The court's review “is limited to determining whether the Commissioner's decision ‘is supported by substantial evidence and was made pursuant to proper legal standards.'” Ealy v. Comm'r of Soc. Sec., 594 F.3d 504, 512 (6th Cir. 2010) (quoting Rogers v. Comm'r of Soc. Sec., 486 F.3d 234, 241 (6th Cir. 2007)); see also, 42 U.S.C. § 405(g) (“The findings of the Commissioner of Social Security as to any fact, if supported by substantial evidence, shall be conclusive.”). “The findings of the Commissioner are not subject to reversal merely because there exists in the record substantial evidence to support a different conclusion.” McClanahan v. Comm'r of Soc. Sec., 474 F.3d 830, 833 (6th Cir. 2006) (quotation marks and citation omitted). However, “‘a decision of the Commissioner will not be upheld where the [Commissioner] fails to follow its own regulations and where that error prejudices a claimant on the merits or deprives the claimant of a substantial right.'” Rabbers v. Comm'r of Soc. Sec., 582 F.3d 647, 651 (6th Cir. 2009) (quoting Bowen v. Comm'r of Soc. Sec., 478 F.3d 742, 746 (6th Cir. 2007)).

         II. Plaintiff's Objections

         Plaintiff argues that the ALJ's finding that plaintiff was not disabled is not supported by substantial evidence due to the ALJ's reliance on the VE's testimony. Based on plaintiff's RFC, the VE testified that plaintiff could perform the jobs of weights measure checker (45, 000 jobs available nationally), protective clothing issuer (68, 000 jobs available nationally), and bus monitor (23, 000 jobs available nationally). The VE indicated that his testimony did not conflict with the Dictionary of Occupational Titles (“DOT”). PAGEID 106. However, plaintiff argues, and the Commissioner does not contest, that the DOT's job requirements for protective clothing issuer and bus monitor conflict with the limitations in plaintiff's RFC. Specifically, the position of protective clothing issuer requires frequent climbing, stooping, crouching and crawling, whereas the RFC permits these activities only occasionally. The position of school bus monitor, as defined in the DOT, requires frequent talking and hearing, i.e., activities involving interaction with the general public and conflict resolution, which are precluded under the RFC. However, plaintiff concedes that no conflict with the DOT exists in regard to the position of weights measure checker.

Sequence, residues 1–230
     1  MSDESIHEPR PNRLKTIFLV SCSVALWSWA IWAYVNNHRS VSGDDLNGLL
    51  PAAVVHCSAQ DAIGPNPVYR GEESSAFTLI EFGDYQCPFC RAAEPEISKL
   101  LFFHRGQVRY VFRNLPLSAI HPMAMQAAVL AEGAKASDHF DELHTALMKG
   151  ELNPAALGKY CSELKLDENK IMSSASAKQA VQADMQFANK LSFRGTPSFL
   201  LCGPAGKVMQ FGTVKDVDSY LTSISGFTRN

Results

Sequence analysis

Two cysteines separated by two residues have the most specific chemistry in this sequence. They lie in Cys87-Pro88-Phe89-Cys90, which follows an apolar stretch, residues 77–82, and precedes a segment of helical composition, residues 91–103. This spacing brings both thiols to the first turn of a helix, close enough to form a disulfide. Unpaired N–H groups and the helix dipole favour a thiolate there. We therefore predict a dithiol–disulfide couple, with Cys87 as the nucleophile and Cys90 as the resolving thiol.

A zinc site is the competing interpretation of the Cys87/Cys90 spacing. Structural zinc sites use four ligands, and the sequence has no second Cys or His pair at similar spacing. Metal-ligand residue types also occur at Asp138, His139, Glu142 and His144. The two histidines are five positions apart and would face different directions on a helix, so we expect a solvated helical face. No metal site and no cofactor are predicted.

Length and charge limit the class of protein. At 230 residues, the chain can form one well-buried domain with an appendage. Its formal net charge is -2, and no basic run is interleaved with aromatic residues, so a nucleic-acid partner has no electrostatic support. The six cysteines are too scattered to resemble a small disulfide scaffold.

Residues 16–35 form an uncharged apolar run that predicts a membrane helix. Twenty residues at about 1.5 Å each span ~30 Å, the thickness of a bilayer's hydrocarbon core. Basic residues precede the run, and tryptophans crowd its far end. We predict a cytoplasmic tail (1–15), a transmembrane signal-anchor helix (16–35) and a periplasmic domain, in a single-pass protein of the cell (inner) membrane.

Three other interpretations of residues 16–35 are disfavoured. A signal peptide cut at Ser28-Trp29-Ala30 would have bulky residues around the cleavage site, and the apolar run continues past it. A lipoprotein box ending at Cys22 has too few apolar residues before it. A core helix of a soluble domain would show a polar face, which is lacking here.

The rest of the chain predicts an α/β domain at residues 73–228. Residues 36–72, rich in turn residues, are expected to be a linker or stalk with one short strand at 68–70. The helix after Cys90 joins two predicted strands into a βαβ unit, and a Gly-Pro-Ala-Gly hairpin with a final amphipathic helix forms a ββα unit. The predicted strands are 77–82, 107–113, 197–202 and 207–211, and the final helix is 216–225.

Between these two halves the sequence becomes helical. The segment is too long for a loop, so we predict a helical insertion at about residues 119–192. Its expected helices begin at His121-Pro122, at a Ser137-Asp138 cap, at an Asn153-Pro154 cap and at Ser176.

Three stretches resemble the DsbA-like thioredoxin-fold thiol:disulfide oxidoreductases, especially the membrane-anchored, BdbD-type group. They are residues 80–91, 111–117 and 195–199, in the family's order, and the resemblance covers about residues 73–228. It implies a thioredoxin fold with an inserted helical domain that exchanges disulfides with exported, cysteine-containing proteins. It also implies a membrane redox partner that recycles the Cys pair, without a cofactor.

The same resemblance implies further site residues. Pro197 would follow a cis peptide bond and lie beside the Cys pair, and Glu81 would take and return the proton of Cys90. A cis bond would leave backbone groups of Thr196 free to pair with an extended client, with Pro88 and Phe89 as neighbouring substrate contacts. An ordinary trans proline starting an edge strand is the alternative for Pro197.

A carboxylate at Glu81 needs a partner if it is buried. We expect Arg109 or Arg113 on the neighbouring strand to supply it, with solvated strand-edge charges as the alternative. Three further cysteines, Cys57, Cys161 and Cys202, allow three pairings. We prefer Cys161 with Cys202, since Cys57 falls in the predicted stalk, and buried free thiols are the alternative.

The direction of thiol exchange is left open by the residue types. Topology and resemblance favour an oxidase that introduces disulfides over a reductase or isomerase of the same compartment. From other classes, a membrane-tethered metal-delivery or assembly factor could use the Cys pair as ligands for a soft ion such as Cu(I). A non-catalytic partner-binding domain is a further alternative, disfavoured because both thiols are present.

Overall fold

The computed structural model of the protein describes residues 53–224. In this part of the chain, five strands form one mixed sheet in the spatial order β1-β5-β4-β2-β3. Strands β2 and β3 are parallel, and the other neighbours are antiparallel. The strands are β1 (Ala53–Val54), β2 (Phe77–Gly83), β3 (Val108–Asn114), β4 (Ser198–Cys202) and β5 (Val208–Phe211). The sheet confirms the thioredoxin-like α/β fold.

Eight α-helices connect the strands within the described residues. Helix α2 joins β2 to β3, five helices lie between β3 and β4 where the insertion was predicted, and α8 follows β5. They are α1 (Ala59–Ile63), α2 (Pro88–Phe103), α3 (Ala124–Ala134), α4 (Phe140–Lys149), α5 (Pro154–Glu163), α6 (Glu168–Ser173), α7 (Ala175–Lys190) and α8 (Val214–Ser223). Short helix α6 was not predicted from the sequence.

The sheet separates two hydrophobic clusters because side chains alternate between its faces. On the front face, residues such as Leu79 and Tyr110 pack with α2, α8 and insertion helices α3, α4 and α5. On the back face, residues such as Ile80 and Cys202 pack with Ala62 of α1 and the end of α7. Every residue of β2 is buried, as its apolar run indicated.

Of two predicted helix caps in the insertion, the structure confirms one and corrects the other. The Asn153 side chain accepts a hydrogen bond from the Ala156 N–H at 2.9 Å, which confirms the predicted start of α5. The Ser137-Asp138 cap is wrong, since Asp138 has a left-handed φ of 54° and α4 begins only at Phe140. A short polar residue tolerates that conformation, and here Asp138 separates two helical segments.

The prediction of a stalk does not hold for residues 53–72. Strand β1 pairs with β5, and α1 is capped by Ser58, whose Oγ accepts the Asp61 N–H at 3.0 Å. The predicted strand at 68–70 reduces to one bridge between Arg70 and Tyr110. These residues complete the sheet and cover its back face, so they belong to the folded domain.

The court agrees with the analysis of the magistrate judge. First, at Doc. 19, p. 5, the magistrate judge referred to Social Security Ruling 00-04p, which states that

[w]hen there is an apparent unresolved conflict between VE [] evidence and the DOT, the adjudicator must elicit a reasonable explanation for the conflict before relying on the VE [] evidence to support a determination or decision about whether the claimant is disabled. At the hearings level, as part of the adjudicator's duty to fully develop the record, the adjudicator will inquire, on the record, as to whether or not there is such consistency.

SSR 00-04p, 2000 WL 1898704, *2).

         Here, the ALJ asked the VE whether his testimony was in conflict with the DOT, to which the VE responded that it was not. PAGEID 106. The magistrate judge correctly found that the ALJ thereby satisfied his obligations under SSR 00-04p, and that the ALJ was under no duty to inquire further of the VE, as there were no apparent discrepancies revealed at the hearing. Doc. 19, p. 6. See Lindsley v. Comm'r of Soc. Sec., 560 F.3d 601, 606 (6th Cir. 2992) (after the VE responded that there were no discrepancies between the information provided by the DOT and the VE's testimony, the ALJ had no duty under SSR 00-4p to interrogate him further); Martin v. Comm'r of Soc. Sec., 170 Fed.Appx. 369, 374 (6th Cir. 2006) (ALJ had no duty to conduct an independent investigation into the testimony of witnesses to determine if they are correct). As the magistrate noted, Doc. 19, p. 7, it was incumbent on plaintiff's counsel to bring out any conflicts between the VE's testimony and the DOT. See Beinlich v. Comm'r of Soc. Sec., 345 Fed.Appx. 163, 168-69 (6th Cir. 2009)(the ALJ is under no obligation to investigate the accuracy of the VE's testimony beyond the inquiry mandated by SSR 00-04p); Baranich v. Barnhart, 128 Fed.Appx. 481, 489 ...